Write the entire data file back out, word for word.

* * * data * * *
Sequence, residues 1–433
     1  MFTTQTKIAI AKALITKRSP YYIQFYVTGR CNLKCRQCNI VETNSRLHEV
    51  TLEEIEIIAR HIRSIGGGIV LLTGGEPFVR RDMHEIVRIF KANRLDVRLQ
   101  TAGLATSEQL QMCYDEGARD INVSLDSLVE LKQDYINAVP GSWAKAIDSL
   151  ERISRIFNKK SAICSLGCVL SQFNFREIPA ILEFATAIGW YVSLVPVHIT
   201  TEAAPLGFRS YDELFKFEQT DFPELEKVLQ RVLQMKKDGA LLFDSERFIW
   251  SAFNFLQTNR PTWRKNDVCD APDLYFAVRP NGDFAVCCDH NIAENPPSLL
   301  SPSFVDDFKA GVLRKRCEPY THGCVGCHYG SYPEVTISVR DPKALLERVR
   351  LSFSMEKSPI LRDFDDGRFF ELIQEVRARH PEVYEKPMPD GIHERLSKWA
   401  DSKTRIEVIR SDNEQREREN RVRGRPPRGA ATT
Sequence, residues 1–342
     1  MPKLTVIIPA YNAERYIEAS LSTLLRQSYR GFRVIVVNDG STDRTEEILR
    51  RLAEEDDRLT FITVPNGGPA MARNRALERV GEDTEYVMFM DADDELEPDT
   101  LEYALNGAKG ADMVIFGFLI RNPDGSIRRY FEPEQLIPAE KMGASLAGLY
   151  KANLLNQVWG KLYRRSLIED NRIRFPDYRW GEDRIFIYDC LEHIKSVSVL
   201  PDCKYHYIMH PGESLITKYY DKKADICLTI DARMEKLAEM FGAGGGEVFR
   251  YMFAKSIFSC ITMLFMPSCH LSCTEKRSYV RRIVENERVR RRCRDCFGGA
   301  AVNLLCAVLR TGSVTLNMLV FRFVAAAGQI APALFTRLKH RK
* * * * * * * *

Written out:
Sequence, residues 1–433
     1  MFTTQTKIAI AKALITKRSP YYIQFYVTGR CNLKCRQCNI VETNSRLHEV
    51  TLEEIEIIAR HIRSIGGGIV LLTGGEPFVR RDMHEIVRIF KANRLDVRLQ
   101  TAGLATSEQL QMCYDEGARD INVSLDSLVE LKQDYINAVP GSWAKAIDSL
   151  ERISRIFNKK SAICSLGCVL SQFNFREIPA ILEFATAIGW YVSLVPVHIT
   201  TEAAPLGFRS YDELFKFEQT DFPELEKVLQ RVLQMKKDGA LLFDSERFIW
   251  SAFNFLQTNR PTWRKNDVCD APDLYFAVRP NGDFAVCCDH NIAENPPSLL
   301  SPSFVDDFKA GVLRKRCEPY THGCVGCHYG SYPEVTISVR DPKALLERVR
   351  LSFSMEKSPI LRDFDDGRFF ELIQEVRARH PEVYEKPMPD GIHERLSKWA
   401  DSKTRIEVIR SDNEQREREN RVRGRPPRGA ATT
Sequence, residues 1–342
     1  MPKLTVIIPA YNAERYIEAS LSTLLRQSYR GFRVIVVNDG STDRTEEILR
    51  RLAEEDDRLT FITVPNGGPA MARNRALERV GEDTEYVMFM DADDELEPDT
   101  LEYALNGAKG ADMVIFGFLI RNPDGSIRRY FEPEQLIPAE KMGASLAGLY
   151  KANLLNQVWG KLYRRSLIED NRIRFPDYRW GEDRIFIYDC LEHIKSVSVL
   201  PDCKYHYIMH PGESLITKYY DKKADICLTI DARMEKLAEM FGAGGGEVFR
   251  YMFAKSIFSC ITMLFMPSCH LSCTEKRSYV RRIVENERVR RRCRDCFGGA
   301  AVNLLCAVLR TGSVTLNMLV FRFVAAAGQI APALFTRLKH RK